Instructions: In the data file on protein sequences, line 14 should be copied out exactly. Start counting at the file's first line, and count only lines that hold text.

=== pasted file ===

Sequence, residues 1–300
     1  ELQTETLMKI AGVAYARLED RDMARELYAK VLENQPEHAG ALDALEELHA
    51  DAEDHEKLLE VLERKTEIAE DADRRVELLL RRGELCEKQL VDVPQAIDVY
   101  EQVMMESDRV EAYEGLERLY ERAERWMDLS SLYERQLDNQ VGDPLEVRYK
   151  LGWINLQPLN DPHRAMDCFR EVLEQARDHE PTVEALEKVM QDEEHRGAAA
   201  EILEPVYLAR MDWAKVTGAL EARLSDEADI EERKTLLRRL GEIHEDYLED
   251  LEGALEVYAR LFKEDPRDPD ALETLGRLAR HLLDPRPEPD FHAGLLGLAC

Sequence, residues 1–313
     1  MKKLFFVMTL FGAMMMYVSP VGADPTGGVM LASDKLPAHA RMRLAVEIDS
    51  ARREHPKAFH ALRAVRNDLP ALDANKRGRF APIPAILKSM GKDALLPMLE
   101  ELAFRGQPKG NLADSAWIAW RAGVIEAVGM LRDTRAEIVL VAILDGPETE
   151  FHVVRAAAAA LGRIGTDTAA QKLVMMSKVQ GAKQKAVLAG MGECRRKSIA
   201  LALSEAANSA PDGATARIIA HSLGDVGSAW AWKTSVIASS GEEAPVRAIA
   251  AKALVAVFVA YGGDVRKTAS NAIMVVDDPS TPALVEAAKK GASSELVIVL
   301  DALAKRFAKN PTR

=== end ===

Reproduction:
   251  AKALVAVFVA YGGDVRKTAS NAIMVVDDPS TPALVEAAKK GASSELVIVL